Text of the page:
Around eight or so years ago I distinctly remember getting paid 4% interest on our simple savings account with Washington Mutual bank. That was a promotional deal of some sort if I recall right but I didn't have to do anything special to get it. Now it seems like that kind of interest rate on savings is something of the distant past. I think we're getting 0.000001% from our bank right now. Or more or less close to it. 1 cent a month. With the interest rates we've got right now your savings are not keeping up with inflation. But is this the norm? I remember that 4% interest rate not long ago and that should have been able to keep up with inflation.
I couldn't find good history of interest rates for CDs or savings specifically. But I did find Federal Reserve H.15 tables for interest rates on 3 month commercial paper.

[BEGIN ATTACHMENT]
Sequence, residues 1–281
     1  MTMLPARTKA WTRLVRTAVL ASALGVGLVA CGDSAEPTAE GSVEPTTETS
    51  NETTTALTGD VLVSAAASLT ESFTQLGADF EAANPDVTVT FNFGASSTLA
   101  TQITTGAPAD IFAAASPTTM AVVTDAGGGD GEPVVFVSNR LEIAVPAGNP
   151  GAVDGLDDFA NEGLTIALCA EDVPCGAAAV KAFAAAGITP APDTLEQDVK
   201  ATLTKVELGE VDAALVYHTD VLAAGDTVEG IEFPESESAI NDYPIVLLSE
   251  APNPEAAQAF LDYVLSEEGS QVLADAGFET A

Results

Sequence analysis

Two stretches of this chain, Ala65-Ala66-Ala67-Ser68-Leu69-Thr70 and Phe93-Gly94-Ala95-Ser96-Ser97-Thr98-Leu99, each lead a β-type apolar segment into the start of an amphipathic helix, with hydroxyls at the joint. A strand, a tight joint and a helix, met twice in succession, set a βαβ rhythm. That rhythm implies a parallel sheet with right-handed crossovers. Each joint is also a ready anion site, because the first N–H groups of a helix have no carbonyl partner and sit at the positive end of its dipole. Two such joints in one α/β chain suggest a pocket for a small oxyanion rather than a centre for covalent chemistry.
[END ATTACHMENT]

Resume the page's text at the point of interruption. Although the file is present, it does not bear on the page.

I got the inflation figures off the BLS site.
For both I'm representing the annual averages of the interest rate and the inflation rate.
Here's a chart showing the interest rate versus inflation for 1997 to 2016:
|(click for full size)|
You can see there that the rates paid by banks were quite a bit higher in the not too distant past.
For about the past 10 years we've had interest rates that are pretty low and don't keep up for inflation. But if you look back to the previous 10 years from 1997 to 2006 the opposite was true for many of those years.
Overall for the 20 year period the annual interest rate averaged 2.4% and the inflation rate averaged 2.2%.